I remember the first time he called, to invite me to lunch at his place. I arrived to find a charming old man, who was virtually blind, padding about a house filled with evidence of his adventures. With a little prompting, Houston would recount the stories himself: his near-death experience on K-2; the lab in which he experimented with human fitness at high altitudes; his efforts to launch a medical Peace Corps; his friendship with Phish keyboard player Page McConnell.

Houston never lost interest in others. At one point, he developed such a fan club of middle-aged women that it was dubbed “Charlie Angels.” Charlie’s with the real angels now.

Photo by Matthew Thorsen.

August 25, 2009

A Friend of Joe's: Larry McCrorey, 1927-2009

The local jazz community is saddened this week by the passing of saxophonist Larry McCrorey, who died at his Grand Isle home on Saturday. McCrorey was 82.

McCrorey, a physiology professor at UVM from 1966 to 1993 and ardent social activist, was a pillar of the Burlington jazz scene. Most recently, he was a fixture at Halvorson's "Friends of Joe" series, the weekly tribute to late, great Burlington sax man, Big Joe Burrell. 

In celebration of his life, Seven Days asked members of the local jazz community to share their remembrances of Larry McCrorey. This page will be updated as more submissions come in. Feel free to add your own thoughts in the comments section below.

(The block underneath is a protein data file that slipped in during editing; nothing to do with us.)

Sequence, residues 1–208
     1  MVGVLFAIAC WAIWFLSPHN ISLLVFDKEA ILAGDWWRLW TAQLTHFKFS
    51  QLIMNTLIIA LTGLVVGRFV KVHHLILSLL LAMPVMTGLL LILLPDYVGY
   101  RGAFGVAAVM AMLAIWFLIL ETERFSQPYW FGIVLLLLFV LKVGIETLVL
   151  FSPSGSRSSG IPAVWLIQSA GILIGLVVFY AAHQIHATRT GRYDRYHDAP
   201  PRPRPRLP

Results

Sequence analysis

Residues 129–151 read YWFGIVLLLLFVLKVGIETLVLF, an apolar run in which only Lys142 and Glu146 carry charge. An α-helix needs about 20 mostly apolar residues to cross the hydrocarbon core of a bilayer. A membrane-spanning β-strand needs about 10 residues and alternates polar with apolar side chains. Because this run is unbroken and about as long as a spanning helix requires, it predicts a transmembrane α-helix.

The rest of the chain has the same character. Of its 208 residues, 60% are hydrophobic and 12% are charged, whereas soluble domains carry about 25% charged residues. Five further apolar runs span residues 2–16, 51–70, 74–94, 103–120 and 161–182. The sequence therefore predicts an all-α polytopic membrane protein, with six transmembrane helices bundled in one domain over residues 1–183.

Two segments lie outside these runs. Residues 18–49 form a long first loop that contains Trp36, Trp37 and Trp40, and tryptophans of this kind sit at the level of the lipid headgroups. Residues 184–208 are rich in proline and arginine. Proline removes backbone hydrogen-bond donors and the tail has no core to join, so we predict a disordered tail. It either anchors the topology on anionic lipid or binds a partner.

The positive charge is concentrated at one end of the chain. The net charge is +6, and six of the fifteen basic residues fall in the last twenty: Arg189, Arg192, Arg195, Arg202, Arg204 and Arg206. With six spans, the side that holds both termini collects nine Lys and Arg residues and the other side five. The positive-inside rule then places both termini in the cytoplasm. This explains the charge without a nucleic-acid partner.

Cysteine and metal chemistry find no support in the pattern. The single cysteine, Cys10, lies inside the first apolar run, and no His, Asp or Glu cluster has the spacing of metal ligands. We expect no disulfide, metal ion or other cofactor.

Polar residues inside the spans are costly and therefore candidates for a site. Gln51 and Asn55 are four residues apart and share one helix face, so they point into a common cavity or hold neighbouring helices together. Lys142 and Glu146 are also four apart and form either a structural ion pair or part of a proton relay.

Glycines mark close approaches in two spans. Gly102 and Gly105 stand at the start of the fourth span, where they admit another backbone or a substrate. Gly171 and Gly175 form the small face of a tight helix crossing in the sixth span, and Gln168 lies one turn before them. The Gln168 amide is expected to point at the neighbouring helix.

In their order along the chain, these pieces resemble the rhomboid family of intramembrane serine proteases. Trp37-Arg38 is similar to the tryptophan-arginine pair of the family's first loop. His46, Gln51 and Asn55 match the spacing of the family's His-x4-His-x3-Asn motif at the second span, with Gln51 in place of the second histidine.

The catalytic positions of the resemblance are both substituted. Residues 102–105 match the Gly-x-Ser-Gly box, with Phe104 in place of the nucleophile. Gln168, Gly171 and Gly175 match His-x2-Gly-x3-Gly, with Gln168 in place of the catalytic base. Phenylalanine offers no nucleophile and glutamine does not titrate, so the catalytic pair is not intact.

I first met Larry in 1975 or so. I had moved to VT from Chicago several years earlier, where I had played with many players with Larry's skills and background. But I was amazed and delighted to find someone like that here!

Larry was one of the most multi-dimensional people I've ever met. Furthermore, he seemed to pull off each of his multiple dimensions with complete skill and aplomb, as if that was all he did. If you met him on the bandstand (as I did) you'd never guess that he was also a Dean at UVM … and, I imagine, his colleagues at UVM must have felt the converse as well!

We played jazz together many times over the years. In fact, it was on one of Larry's gigs with the band "Just Jazz" at a now-defunct club called "Hawk's Point" that I met Big Joe Burrell, and invited him to come to sit in with our still-gelling Unknown Blues Band at Hunt's … but that's another story.

Because of our similar musical backgrounds, I immediately felt a bond with Larry. And the bond continued to grow as I got to know him better. I really loved him, and will miss his vitality and enthusiasm enormously.

Till we meet again, my friend!

Paul Asbell

Guitarist (Kilimanjaro, Unknown Blues Band)

Continue reading "A Friend of Joe's: Larry McCrorey, 1927-2009" »

August 14, 2009

Marion Leonard, 1909-2009

MarionLeonard Living 100 years is in itself an accomplishment. But living every minute of 100 years with vigor, passion, intelligence and dedication to making the world a better place is an accomplishment of a higher order. Marion Leonard's life, which ended this morning in Randolph's Gifford Hospital, was one of the latter type. She was, and remains, an inspiration.